On April 16 in Berlin, the Roland Berger Foundation presented the Roland Berger Human Dignity Award for the fith time in a row. The Award went to the Indian NGO Jagori, to the Pakistani lawyer and human rights activist Dr. Asma Jahangir and to the Afghan Women's Network. The Roland Berger Foundation visited the award winners in their home countries.
President of the German Bundestag, Dr. Norbert Lammert, today presents the Roland Berger Human Dignity Award 2012/13 to three human rights activists: Indian women's rights organization Jagori, Pakistani lawyer and women's rights activist Dr. Asma Jahangir, and the Afghan Women's Network. In addition, the Jewish Museum Berlin is receiving the first Roland Berger Honorary Human Dignity Award. Germany's Federal Minister of Finance Dr. Wolfgang Schäuble will give a speech in honor of the Museum.
Munich/Berlin, April 16, 2013: President of the German Bundestag, Dr. Norbert Lammert, opened the fifth ceremony for the Roland Berger Human Dignity Award with a speech on human dignity and human rights. His speech was followed by a panel discussion on women's rights in a globalized world. The high-caliber panel included Christine Lüders, Director of the Federal Anti-Discrimination Agency, and Tom Koenigs, the Chairman of the Bundestag Committee on Human Rights and Humanitarian Aid.
The Jewish Museum Berlin is the largest Jewish museum in Europe and a central point for remembering, discussing, researching and integrating Jewish-German life. It documents over 2,000 years of German-Jewish history, and has welcomed more than seven million visitors since it opened in 2001. The spectacular postmodern buildings by American architect Daniel Libeskind have also contributed to the museum's success. Its mission is to enlighten visitors about anti-Semitism and intolerance.
"Wake up, women!" is how the name of the Indian organization Jagori translates. It has shaped the women's rights movement in India for nearly 30 years. Based in India's capital New Delhi, the organization's 19 female staff use sophisticated PR techniques to give women in India a voice and make lasting improvements to women's position in Indian society. The action they take includes campaigns, publications, the protection of women's rights and gender equality, training courses, workshops and advice for women and girls who are victims of sexual harassment and violence. Jagori aims to reach out to women throughout the country and mobilize them to stand up for their rights.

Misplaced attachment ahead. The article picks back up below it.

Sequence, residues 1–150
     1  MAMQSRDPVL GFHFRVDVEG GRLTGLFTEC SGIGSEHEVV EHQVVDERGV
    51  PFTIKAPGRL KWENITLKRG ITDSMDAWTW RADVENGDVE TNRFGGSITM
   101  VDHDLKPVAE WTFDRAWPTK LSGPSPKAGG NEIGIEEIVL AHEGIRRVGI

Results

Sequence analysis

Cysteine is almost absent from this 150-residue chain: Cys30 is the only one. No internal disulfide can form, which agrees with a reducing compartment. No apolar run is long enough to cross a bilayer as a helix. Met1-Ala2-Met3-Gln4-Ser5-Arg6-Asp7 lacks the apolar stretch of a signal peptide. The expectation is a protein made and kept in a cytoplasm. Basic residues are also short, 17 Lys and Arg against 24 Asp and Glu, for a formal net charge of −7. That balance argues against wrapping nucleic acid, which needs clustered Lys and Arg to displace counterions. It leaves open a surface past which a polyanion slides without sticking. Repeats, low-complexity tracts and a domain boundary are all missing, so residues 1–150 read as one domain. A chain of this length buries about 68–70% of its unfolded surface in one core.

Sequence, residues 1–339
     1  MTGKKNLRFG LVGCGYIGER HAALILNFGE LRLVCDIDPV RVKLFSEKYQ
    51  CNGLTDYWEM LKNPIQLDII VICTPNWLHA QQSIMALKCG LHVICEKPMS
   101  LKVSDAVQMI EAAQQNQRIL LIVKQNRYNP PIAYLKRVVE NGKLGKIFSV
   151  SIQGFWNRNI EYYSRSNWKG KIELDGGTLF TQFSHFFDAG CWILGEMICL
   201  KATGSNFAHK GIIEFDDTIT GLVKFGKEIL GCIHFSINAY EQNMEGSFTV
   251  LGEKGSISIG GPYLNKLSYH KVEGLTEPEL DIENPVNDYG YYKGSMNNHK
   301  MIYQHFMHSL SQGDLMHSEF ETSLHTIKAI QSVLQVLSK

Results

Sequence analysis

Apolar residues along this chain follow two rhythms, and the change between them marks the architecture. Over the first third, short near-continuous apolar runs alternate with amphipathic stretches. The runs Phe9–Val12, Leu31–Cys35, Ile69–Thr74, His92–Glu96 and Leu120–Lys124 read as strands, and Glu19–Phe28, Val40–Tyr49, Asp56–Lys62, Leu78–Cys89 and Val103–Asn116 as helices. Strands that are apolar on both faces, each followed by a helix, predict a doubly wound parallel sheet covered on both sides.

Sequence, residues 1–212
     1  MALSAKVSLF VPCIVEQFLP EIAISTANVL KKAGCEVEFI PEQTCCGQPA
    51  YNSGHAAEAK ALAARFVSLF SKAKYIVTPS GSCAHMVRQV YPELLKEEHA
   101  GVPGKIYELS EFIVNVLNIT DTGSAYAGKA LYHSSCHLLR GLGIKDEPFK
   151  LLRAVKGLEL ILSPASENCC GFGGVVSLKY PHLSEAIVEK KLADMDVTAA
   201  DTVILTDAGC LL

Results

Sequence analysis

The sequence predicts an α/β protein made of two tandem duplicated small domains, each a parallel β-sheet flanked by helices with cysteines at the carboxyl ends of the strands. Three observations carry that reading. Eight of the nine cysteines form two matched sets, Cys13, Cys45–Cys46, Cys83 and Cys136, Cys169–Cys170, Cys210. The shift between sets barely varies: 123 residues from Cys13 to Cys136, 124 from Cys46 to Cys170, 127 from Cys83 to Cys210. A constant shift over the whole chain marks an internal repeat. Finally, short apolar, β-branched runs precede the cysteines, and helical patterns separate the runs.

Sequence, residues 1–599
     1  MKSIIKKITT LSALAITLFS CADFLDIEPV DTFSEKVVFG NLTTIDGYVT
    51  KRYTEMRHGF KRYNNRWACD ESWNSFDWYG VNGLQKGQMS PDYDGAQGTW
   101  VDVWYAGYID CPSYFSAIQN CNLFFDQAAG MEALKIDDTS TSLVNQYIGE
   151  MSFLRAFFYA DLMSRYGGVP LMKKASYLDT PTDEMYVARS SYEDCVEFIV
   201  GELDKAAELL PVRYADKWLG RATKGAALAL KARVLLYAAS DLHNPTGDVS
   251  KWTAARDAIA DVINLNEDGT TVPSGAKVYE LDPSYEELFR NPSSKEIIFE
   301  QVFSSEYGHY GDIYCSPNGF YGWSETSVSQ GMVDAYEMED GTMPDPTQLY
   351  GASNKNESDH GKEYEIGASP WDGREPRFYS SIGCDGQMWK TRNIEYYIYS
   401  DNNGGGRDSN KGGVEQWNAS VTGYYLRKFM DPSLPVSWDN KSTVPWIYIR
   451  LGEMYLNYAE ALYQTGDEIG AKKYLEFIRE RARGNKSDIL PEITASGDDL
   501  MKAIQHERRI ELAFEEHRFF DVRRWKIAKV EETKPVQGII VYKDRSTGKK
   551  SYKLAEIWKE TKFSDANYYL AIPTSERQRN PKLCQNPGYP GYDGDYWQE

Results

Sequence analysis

Dr. Asma Jahangir is a well-known Pakistani lawyer and human rights activist. For over 30 years, she has campaigned for human rights in Pakistan as a tireless critic of the military regime and religious extremists. She is among the most important voices for women's rights in her society.
The Afghan Women's Network (AWN) is the largest women's network in Afghanistan. With over 110 member organizations and 5,000 women, the Network fights for the rights of women and children in Afghanistan. Human rights champion Afifa Azim and several other exiled activists in Pakistan founded the Network in 1995 following the UN's Fourth World Conference on Women in Beijing. The Network's vision is an Afghanistan in which women, children and men enjoy equal rights and women's contributions to society are respected and honored.
On Valentine's Day in 2000, 17-year-old Lilia Alejandra García Andrade was abducted while on her way home from work in Ciudad Juárez, Mexico. She was later found after having been brutally raped, tortured and killed. The murderer was supposedly never found. Sadly, Lilia's fate has been shared by hundreds of girls and young women to date in and around Ciudad Juárez, a major city in the northern Mexican state of Chihuahua.
As one of Turkey's leading feminists, Pinar Ilkkaracan has been shaping the women's movement for more than 20 years now. Her organization, "Women for Women's Human Rights – New Ways" (WWHR), played a major role in reforming the Turkish penal code in 2004. She lobbies for gender equality and sexual liberty both inside and outside her homeland.
Verena Berger, Roland Berger Stiftung · 09.04.2013
The Iranian human rights activist Shadi Sadr knows all about jail conditions in her country. The 38-year-old lawyer has herself been detained many times in Evin, a jail for political prisoners. Blindfolded, Sadr was repeatedly forced to answer questions from her male jailers about her involvement in the country's women's movement, and about her travel, campaigns and contacts, particularly those abroad. She was released on bail, but her organization, RAAHI, which campaigns for women's rights, was outlawed.
She was a refugee, a Hazara woman and therefore part of the most persecuted minority in Afghanistan. Her husband went missing and never returned. In a country ravaged by more than three decades of war, Taliban rule and violation of women's rights, Sima Samar became a doctor, Afghanistan's first Minister of Women's Affairs and one of the country's most prominent human rights advocates.